Chris Christie bridge scandal: Governor fires aide, apologizes for traffic jams


"I am embarrassed and humiliated by the conduct of some of the people on my team," the Republican governor said at a news conference in which he patiently took questions from reporters - and answered in his typically blunt fashion - for nearly two hours.

Christie said he fired Deputy Chief of Staff Bridget Anne Kelly, "because she lied to me" when he demanded weeks ago that anyone who knew anything about the episode come forward.

In addition to the firing, Christie also cut ties to former campaign manager Bill Stepien, asking him to withdraw a bid to become the next state GOP chairman.

The governor has denied involvement in orchestrating a massive traffic jam on the heavily trafficked George Washington Bridge - all in the name of political retribution. The governor said he was "blind-sighted" by the scandal. Though he remained adamant that he had no knowledge of the traffic jam, he said he takes full responsibility for the actions of his staff.

"I am responsible for what happened. I am sad to report to the people of New Jersey that we fell short," he said.

Christie focused repeatedly on how upset he was that his staff didn't tell him the truth when asked, saying he was "heartbroken" and "betrayed" by his tight-knit circle of advisers.

"I had no knowledge or involvement in this issue, in its planning or execution," he said of the lane closings. "And I am stunned by the abject stupidity that was shown here."

Emails and text messages between his top aides suggest they engineered a traffic jam to punish the mayor of Fort Lee, N.J.

The emails, released on Wednesday, read: "Time for some traffic problems in Fort Lee" with the response: "Got it."

Kelly hasn't commented. Christie said he hadn't spoken to her since the emails were released, saying he didn't want to be accused of trying to influence a possible witness.

Christie said he is still looking into the traffic-jam episode and will take action against other senior staff members if it is warranted.

The closing of two lanes on the bridge connecting New Jersey and New York snarled traffic for four days in September. Aides rejoiced as drivers suffered. Another email reads: "Is it wrong that I'm smiling?"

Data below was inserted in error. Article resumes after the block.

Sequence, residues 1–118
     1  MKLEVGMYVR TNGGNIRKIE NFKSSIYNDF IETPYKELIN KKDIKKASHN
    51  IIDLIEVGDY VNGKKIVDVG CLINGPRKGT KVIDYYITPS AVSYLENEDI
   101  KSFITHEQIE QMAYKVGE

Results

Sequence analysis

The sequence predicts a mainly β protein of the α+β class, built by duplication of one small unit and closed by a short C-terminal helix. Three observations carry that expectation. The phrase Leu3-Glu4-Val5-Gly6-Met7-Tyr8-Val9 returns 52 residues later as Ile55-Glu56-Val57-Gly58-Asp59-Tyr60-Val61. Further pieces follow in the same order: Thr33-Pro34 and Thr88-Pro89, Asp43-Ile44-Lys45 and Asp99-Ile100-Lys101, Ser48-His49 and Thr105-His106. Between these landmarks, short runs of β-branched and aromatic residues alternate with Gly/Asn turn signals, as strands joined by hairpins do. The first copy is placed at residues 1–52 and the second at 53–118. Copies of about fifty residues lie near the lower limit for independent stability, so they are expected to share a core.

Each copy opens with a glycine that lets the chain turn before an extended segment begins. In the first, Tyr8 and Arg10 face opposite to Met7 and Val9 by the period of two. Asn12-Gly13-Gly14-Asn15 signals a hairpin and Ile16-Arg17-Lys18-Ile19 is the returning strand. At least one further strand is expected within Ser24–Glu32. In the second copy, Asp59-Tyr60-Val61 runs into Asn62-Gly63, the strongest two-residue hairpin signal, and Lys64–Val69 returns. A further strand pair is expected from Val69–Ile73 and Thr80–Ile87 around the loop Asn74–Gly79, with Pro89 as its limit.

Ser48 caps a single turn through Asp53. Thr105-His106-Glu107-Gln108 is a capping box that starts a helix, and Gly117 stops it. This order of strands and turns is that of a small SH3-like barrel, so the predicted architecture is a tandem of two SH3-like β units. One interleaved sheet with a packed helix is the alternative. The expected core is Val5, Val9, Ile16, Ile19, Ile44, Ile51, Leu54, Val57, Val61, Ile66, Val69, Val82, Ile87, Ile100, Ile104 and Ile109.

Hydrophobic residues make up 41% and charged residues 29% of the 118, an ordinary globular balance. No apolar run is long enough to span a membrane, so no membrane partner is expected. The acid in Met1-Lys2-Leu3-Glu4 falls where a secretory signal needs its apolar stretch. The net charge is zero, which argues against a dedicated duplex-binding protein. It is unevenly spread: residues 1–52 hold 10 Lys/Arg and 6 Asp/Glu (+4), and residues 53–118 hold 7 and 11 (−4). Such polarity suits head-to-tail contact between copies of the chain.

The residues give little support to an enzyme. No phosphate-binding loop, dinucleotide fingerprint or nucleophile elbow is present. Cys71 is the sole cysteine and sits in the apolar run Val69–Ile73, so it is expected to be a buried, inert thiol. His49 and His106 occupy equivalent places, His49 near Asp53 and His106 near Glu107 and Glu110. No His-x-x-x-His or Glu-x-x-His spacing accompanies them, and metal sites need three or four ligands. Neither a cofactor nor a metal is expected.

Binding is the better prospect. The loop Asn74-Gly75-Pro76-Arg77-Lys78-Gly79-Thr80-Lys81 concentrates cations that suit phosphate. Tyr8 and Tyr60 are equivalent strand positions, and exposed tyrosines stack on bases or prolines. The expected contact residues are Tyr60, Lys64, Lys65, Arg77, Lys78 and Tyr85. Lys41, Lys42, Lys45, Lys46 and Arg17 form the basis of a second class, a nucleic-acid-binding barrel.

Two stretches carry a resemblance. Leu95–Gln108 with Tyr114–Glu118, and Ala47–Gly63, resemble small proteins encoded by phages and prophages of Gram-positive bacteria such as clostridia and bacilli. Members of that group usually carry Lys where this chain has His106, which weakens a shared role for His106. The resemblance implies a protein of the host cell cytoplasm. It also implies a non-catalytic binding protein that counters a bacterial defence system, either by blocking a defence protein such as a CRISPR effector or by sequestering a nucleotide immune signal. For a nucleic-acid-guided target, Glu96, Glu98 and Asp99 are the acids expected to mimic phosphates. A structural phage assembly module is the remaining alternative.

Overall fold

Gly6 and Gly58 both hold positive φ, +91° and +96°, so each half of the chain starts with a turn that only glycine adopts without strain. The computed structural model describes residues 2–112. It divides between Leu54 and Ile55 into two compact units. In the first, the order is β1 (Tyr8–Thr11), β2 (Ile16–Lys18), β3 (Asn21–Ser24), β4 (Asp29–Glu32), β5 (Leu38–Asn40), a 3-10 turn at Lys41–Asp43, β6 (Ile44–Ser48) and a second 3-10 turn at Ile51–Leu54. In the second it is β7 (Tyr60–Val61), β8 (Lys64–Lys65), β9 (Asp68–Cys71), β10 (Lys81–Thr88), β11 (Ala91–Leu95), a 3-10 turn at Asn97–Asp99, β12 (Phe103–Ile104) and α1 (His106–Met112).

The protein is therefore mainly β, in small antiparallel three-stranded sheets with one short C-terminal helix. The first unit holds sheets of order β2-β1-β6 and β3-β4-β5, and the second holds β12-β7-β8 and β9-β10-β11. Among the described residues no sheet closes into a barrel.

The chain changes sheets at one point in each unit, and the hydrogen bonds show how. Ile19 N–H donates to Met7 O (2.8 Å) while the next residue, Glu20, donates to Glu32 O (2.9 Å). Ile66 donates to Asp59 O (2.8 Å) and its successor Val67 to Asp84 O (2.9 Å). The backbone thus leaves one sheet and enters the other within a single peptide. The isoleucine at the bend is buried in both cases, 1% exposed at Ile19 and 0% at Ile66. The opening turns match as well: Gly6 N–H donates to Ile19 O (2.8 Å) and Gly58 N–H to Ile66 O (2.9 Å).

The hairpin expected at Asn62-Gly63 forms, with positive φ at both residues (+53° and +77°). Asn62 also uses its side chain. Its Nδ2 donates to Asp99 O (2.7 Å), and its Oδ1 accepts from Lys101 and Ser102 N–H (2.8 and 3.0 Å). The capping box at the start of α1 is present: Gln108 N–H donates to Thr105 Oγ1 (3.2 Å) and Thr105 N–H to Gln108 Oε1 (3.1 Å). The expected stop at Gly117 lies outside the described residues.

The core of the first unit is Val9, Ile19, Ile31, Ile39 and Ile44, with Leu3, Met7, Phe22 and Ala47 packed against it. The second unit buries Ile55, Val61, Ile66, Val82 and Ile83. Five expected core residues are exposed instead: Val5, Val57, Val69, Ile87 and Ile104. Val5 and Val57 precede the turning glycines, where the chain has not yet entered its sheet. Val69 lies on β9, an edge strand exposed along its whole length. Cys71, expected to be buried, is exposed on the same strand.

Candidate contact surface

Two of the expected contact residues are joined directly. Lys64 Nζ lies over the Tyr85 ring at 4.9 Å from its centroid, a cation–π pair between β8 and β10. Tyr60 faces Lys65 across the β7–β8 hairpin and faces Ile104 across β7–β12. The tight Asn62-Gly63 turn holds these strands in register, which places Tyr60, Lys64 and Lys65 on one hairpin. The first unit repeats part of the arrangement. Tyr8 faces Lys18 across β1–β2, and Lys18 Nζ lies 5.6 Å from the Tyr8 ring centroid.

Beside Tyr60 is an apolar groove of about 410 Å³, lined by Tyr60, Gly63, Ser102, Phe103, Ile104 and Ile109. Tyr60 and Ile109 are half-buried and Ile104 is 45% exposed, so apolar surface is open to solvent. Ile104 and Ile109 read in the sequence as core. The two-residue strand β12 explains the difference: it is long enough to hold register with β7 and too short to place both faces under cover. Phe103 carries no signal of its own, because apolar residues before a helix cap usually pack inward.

The traffic jam happened after Mark Sokolich, Fort Lee's Democratic mayor, reportedly declined to endorse Christie's re-election. For weeks, Christie had asserted that the closings were not punitive, but part of a traffic study. On Thursday, he acknowledged that was a lie, because his staff didn't tell him what it had done.

Christie said he believed his staff in part because he had never heard of Sokolich and had no idea his campaign was even seeking the Democrat's endorsement.

The revelations thrust a regional transportation issue into a national conversation raising new questions about the ambitious governor's leadership on the eve of a second term designed to jumpstart his road to the White House.

At the news conference, Christie brushed off questions about the effect on his presidential ambitions, saying he was too busy governing the state to think about that.

ABC News has obtained a letter from the director of Fort Lee's emergency services. It cites four medical situations where the unnecessary lane closures delayed first responders. In one case, a 91-year-old woman having a heart attack was pronounced dead at a hospital.

"Call the families who were waiting three, four times longer for emergency service agencies when their loved ones were having heart palpitations or when their loved ones had extreme chest pains and were waiting for our ambulance corps to arrive. Do me a favor and call and apologize to thousands of families whose kids were late to the first day of school," said Sokolich.

Christie headed to Fort Lee Thursday to personally apologize to the mayor. He said the meeting was productive.

"I have great respect for the mayor. We had a very good conversation," said Christie.

Christie will be sworn in for his second term as governor in less than two weeks.

Sen. Ray Lesniak wants federal prosecutors to investigate what he calls the abuse of government authority for political gain and the reckless endangerment of lives.

ABC News and the Associated Press contributed to this report.

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